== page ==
The progression to acquired immunodeficiency syndrome (AIDS) after human immunodeficiency virus (HIV) infection is not caused by the virus's direct effect on immune cells, but by the effect of infected immune cells on other immune cells, reveals a new research.
HIV can either be spread through free-floating virus that directly infect the host immune cells or an infected cell can pass the virus to an uninfected cell.
The second method, cell to cell transmission, is 100 to 1000 times more efficient, and the new study shows that it is only this method that sets off a cellular chain reaction that ends in the newly infected cells committing suicide.
"The fundamental 'killing units' of CD4 T cells in lymphoid tissues are other infected cells, not the free virus," said co-first author Gilad Doitsh from Gladstone Institute of Virology and Immunology, University of California, San Francisco in the US.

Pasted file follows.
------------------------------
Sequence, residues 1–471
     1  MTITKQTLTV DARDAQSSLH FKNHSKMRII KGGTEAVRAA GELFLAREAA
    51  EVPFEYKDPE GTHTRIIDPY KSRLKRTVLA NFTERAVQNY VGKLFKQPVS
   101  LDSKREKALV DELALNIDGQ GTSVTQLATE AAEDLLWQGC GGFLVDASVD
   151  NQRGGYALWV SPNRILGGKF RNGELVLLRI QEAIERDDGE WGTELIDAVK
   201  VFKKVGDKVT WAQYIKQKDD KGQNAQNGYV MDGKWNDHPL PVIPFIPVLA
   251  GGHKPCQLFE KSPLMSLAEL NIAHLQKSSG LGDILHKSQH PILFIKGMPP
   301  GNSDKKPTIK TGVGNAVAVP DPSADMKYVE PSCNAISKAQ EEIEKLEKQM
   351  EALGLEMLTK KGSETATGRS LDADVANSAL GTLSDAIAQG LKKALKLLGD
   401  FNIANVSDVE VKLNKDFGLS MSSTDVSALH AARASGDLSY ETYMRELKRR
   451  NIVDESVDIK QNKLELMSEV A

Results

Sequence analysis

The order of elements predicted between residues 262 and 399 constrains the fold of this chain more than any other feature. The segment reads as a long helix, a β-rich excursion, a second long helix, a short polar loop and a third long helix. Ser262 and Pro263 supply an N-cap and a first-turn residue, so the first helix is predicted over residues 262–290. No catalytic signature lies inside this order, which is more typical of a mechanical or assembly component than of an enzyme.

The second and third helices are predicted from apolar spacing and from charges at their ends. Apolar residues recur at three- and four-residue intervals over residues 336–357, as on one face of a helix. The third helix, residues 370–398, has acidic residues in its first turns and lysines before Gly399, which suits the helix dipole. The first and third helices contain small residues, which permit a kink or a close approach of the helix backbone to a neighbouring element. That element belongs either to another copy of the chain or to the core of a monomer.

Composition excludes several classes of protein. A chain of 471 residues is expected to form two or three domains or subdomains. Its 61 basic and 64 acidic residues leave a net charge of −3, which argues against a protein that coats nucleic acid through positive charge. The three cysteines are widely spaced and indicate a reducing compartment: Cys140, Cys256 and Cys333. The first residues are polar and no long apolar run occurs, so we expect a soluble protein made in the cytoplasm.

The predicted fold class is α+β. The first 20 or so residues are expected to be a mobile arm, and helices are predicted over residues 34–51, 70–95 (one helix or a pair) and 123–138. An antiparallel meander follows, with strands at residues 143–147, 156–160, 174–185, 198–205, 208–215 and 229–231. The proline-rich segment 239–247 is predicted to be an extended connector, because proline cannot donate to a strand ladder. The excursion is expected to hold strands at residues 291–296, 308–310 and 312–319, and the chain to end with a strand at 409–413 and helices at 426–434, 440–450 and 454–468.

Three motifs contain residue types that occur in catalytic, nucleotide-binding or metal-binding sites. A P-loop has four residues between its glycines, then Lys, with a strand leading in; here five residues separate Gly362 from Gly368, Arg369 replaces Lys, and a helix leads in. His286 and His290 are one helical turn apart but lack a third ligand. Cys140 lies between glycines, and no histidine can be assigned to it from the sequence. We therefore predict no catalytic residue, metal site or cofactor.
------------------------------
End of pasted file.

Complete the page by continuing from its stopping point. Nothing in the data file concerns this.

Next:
HIV mostly targets CD4 T lymphocytes, a type of T cell involved in initiating an immune response.
"And cell-to-cell transmission of HIV is required for activation of the main HIV death pathway," Doitsh noted.
"This study fundamentally changes our mindset about how HIV causes massive cell death, and puts the spotlight squarely on the infected cells in lymphoid tissues rather than the free virus," senior author Warner Greene, director of the Gladstone Institute of Virology and Immunology pointed out.
"By preventing cell-to-cell transmission, we may able to block the death pathway and stop the progression from HIV infection to AIDS," Greene noted.
The study was published in the journal Cell Reports.